Politics, COVID-19, Work, what’s got you stressed? It seems Americans have several major sources of stress. A recent study by Kevin B. Smith of the University of Nebraska-Lincoln found that over 90 million Americans say they have experienced stress due to politics. Smith states, “Large numbers of Americans are convinced that politics is exacting significant social, psychological, and even physical costs on their well-being.” 

Gallup’s research also found that the United States and Canada report the highest rates of daily work-related stress. Not surprisingly, this increase in workplace stress is paralleled by a decrease in workplace engagement. 

If you are experiencing heightened levels of stress you may want to consider these five questions posed by NY Times mental-health columnist Christina Caron in her article titled, Signs That It’s Time for Therapy: 

  • Are you struggling to get through the day or feeling persistently sad, irritable, or anxious?
  • Have you withdrawn from loved ones or are you arguing more often?
  • Have you thought about harming yourself?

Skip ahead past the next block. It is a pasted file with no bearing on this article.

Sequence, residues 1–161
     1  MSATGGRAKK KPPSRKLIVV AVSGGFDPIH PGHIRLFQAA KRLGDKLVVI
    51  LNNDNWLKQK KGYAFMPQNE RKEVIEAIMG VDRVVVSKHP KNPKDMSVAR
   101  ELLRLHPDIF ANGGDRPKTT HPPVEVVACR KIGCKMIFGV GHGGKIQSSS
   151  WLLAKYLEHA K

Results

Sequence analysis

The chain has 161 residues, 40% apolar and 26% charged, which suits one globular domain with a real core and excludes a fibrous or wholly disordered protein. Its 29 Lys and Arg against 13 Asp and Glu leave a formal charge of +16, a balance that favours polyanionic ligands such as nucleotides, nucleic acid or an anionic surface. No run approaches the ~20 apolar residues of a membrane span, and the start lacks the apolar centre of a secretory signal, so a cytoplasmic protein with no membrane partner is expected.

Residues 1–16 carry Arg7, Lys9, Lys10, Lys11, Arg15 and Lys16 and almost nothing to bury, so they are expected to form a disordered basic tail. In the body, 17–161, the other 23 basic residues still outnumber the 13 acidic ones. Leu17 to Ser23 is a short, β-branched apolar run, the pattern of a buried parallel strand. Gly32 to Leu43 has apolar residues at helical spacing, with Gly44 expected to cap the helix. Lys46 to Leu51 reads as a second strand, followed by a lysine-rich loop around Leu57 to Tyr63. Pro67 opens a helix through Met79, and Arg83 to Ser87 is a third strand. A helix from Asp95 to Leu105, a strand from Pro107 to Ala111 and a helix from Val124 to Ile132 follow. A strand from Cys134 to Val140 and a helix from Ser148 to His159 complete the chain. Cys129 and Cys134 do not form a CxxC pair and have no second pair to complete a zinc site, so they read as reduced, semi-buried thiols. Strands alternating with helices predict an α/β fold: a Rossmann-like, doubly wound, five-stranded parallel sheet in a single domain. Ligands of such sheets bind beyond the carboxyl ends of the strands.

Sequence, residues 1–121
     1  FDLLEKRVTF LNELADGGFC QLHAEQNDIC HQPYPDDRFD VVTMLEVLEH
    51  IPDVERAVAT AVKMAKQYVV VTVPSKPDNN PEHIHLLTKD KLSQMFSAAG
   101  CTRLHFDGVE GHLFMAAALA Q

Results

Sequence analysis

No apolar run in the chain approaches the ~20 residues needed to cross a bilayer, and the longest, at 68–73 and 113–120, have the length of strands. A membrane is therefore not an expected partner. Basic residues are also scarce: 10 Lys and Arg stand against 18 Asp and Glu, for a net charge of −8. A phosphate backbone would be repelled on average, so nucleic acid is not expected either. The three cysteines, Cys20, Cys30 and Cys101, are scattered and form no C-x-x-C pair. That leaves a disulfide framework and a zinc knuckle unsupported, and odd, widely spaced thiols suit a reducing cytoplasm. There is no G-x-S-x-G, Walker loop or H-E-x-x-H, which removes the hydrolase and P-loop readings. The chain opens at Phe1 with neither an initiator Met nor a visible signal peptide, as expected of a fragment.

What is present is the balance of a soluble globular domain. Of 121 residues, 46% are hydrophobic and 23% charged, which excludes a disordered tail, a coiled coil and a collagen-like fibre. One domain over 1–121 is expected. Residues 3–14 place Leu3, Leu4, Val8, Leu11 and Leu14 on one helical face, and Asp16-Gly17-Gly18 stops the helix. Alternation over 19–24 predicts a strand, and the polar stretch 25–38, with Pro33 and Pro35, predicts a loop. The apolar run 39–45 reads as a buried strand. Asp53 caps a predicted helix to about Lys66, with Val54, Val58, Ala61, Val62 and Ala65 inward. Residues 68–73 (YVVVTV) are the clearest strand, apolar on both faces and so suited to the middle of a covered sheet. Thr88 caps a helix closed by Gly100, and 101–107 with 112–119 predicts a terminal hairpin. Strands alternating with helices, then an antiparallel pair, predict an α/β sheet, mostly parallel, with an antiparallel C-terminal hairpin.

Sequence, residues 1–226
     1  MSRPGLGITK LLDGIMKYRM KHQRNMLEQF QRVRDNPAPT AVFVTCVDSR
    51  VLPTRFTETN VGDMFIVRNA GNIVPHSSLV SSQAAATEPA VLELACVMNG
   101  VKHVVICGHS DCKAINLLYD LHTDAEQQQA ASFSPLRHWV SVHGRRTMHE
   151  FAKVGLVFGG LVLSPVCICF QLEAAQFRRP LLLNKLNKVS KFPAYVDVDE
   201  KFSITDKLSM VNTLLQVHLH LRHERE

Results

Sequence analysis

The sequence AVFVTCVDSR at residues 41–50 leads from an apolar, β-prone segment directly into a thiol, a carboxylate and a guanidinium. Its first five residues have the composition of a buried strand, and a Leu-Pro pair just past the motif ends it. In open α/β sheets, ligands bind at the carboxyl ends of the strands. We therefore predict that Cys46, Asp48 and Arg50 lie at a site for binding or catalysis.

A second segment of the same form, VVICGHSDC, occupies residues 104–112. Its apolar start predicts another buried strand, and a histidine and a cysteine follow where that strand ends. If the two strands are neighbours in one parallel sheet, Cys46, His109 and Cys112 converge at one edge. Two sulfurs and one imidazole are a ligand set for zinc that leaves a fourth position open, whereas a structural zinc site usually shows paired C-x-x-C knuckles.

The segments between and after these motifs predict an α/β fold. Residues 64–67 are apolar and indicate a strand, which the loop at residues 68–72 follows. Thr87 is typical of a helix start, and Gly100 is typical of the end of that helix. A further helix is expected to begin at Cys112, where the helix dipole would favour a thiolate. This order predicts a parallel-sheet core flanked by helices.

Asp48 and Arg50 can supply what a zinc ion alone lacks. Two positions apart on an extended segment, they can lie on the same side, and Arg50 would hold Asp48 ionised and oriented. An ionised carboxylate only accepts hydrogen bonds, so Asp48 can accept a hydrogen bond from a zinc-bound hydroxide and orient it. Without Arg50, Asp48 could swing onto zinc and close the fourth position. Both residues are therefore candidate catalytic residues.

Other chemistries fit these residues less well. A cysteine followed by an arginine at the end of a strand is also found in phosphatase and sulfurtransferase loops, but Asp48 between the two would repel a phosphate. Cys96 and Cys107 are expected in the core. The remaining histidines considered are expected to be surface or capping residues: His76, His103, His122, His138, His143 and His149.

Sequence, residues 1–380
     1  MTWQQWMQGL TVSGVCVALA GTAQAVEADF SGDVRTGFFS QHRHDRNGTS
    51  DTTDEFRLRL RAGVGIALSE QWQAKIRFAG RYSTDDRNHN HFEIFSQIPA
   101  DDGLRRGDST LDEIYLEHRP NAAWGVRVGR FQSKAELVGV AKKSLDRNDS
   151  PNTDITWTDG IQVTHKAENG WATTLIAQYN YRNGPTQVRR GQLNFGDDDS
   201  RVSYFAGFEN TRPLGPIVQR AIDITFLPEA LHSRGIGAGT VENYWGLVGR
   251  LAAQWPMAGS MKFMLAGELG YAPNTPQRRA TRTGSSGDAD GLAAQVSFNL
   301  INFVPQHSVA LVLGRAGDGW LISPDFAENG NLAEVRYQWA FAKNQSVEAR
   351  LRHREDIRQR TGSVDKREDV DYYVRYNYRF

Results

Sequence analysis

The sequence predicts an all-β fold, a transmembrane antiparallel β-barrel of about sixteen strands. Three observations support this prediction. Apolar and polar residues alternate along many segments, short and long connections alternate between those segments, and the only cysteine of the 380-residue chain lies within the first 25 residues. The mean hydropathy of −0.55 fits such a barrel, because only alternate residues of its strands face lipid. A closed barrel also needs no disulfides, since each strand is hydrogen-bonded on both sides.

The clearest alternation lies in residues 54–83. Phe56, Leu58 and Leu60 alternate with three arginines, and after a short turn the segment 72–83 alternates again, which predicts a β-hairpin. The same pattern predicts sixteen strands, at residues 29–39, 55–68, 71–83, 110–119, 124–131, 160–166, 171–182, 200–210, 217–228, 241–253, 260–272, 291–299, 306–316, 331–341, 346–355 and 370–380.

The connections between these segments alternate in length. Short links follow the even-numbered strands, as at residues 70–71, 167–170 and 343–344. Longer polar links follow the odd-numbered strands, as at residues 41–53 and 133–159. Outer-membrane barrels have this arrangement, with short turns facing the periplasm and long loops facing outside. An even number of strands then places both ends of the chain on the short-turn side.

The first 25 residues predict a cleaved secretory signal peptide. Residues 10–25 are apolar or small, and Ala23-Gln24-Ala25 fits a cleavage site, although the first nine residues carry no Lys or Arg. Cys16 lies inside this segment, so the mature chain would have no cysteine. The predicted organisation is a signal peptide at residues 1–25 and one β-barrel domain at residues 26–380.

• Have there been changes in your sleeping or eating patterns?
  • Are you using drugs or alcohol to cope?

If you answered yes to any of the above questions, regardless of the source of your stress, you may want to consider therapy. 

Along those lines, if you are involved in leading an organization, there is a good chance that workplace stress is impacting your employees. In that case, you may want to heed the advice of Gallup authors Jim Harter and Vipula Gandhi. They state, “Leaders must be measuring engagement and well-being of their employees on a regular basis” and “managers need to be trained to have more frequent meaningful and individualized conversations with employees.”  Meaning-Centered Leadership offers a pathway to help organizations disrupt this trend in disengagement and the consequent workplace stress. We invite you to connect with us. Together we can reduce workplace stress for workers everywhere.